To date, PDFs used in probabilistic connectivity methods have either been determined from the single diffusion tensor model (Behrens et al. 2002; Koch et al. 2002; Lazar & Alexander 2002; Parker et al. 2002ac, 2003), multi-tensor models (Parker & Alexander 2003a,b), or by using q-space approximations acquired from spatially under-sampled brain data (Tuch et al. 2000). The single tensor model of diffusion assumes that diffusive water molecule displacements are Gaussian distributed, which is a poor approximation where fibres cross, diverge or have high curvature. This can lead to overly conservative PDFs that reflect the ambiguous fibre-orientation information available when using the tensor or, worse, inaccurate PDFs that assign unwarranted likelihood to spurious fibre orientations. Multi-tensor methods can identify more than one fibre population within a voxel, but again require the use of an explicit model of the multi-fibre population, and to date have not shown the capability to distinguish more than two fibre populations per voxel (Tuch et al. 2002; Parker & Alexander 2003a,b). Q-Space methods such as diffusion spectrum imaging (DSI) are an attractive option because they have the potential to identify an unlimited spectrum of fibre populations within a voxel (Tuch et al. 2000). However, the requirement for a very high number of diffusion-weighted image acquisitions makes whole-brain DSI impractical at the resolution required for diffusion-based connectivity mapping. At best, low-resolution imaging or imaging over a restricted volume are the only options, which lead to tracking errors and the potential for missed long-range cerebral connections, respectively. Newer q-space methods, such as ‘q ball’ (Tuch et al. 2003) and persistent angular structure (PAS)–MRI (Jansons & Alexander 2003), overcome the excessive data acquisition requirements of DSI by resolving multiple fibre orientations within a voxel using data from the spherical acquisition schemes typical in diffusion tensor MRI (Jones et al. 1999). Such schemes allow routine whole-brain relatively high-resolution data acquisition, thus creating the possibility of extracting multiple fibre populations with manageable data acquisitions. Both q ball and PAS–MRI compute functions of the sphere that reflect the angular structure of the particle displacement density. The peaks of these functions provide estimates of fibre orientations. Neither of these methods has been used in probabilistic tracking to date. Here, we present a method for extracting probabilistic cerebral anatomical connectivity using the information provided by the PAS–MRI method for the first time, and demonstrate its utility in cerebral peduncle and precentral gyrus connectivity.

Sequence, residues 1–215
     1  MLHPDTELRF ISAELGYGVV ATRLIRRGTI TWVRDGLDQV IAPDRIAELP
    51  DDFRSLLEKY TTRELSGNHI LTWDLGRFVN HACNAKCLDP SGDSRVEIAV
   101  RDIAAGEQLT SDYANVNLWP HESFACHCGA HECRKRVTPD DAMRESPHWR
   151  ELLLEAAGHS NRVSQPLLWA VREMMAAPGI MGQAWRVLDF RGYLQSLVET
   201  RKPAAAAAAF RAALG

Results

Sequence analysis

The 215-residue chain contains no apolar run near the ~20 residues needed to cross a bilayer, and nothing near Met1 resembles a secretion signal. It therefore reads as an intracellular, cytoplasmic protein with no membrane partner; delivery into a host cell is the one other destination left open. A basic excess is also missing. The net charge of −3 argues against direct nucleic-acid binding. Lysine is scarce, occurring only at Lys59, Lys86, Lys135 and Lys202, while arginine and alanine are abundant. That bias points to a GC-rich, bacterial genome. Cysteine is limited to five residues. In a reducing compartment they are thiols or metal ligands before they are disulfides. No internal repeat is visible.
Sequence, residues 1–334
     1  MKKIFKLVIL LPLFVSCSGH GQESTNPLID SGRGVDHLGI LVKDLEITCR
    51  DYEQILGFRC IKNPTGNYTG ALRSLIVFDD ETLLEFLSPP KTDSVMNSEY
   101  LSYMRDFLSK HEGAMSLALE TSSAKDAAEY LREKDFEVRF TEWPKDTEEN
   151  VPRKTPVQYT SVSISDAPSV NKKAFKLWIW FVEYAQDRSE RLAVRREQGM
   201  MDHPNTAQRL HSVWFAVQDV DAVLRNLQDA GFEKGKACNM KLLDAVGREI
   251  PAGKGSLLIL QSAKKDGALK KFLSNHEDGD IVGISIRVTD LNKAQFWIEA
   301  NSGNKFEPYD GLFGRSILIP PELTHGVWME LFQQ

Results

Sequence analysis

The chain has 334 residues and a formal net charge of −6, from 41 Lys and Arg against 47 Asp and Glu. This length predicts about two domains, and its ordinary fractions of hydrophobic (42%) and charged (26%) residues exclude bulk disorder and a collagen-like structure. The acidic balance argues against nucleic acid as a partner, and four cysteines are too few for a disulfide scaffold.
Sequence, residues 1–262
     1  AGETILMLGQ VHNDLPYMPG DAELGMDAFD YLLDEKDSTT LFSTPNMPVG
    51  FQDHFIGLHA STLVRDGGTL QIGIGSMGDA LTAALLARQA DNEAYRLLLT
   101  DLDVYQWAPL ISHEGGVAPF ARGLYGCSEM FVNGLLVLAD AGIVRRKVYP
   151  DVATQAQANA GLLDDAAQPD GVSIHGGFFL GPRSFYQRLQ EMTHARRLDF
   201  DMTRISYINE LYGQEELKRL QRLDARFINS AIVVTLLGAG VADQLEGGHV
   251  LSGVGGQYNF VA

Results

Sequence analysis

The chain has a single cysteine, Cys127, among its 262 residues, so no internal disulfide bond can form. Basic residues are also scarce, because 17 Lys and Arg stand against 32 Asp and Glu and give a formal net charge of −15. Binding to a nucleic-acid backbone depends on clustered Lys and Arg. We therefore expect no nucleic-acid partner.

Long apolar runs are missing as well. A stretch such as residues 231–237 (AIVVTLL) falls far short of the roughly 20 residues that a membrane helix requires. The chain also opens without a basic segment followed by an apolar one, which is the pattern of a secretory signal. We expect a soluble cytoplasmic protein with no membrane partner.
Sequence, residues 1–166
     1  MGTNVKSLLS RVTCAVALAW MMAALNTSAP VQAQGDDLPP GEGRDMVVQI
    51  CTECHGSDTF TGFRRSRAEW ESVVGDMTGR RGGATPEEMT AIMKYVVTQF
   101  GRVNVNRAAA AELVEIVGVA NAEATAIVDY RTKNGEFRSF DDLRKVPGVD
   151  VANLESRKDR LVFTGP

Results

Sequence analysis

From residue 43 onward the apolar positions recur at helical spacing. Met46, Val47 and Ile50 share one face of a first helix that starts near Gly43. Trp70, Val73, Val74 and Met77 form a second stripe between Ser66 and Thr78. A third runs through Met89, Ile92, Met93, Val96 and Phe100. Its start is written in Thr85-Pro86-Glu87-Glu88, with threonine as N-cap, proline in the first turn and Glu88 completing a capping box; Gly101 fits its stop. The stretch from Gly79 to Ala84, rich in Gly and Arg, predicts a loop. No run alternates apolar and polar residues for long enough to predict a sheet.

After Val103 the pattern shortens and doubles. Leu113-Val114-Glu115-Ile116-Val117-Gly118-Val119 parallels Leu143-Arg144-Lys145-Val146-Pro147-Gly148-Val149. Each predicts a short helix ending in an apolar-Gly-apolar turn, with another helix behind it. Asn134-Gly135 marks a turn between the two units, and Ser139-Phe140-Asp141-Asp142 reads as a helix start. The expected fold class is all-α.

2. Methods

(a) Data acquisition

Single-shot echo-planar diffusion-weighted brain data were acquired using a GE Signa 1.5 T scanner with a standard quadrature head coil. Sequence parameters were as follows: cardiac gating (repetition time=20 cardiac cycles∼20 s), 60 axial slices, echo time=95 ms, N=54 unique gradient vectors gi, i=1,…,N, each |gi|=22 mT m−1 with gradient-pulse width δ=34 ms and pulse separation Δ=40 ms, giving a b-factor for the each of the N measurements of 1156 s mm−2 (calculated according to Stejskal & Tanner 1965) and Embedded Image, where γ is the gyromagnetic ratio. We also acquired six measurements with a b-factor∼0 s mm−2. We used a 96×96 acquisition matrix, interpolated during reconstruction to 128×128; 220 mm field of view, generating 2.30×2.30×2.30 mm3 voxels as acquired, which were reconstructed to 1.72×1.72×2.30 mm3 (Wheeler-Kingshott et al. 2002). The acquisition time for the dataset was approximately 20 min. Eddy current induced image distortions in the diffusion-sensitized images were removed using affine multiscale two-dimensional registration (Symms et al. 1997).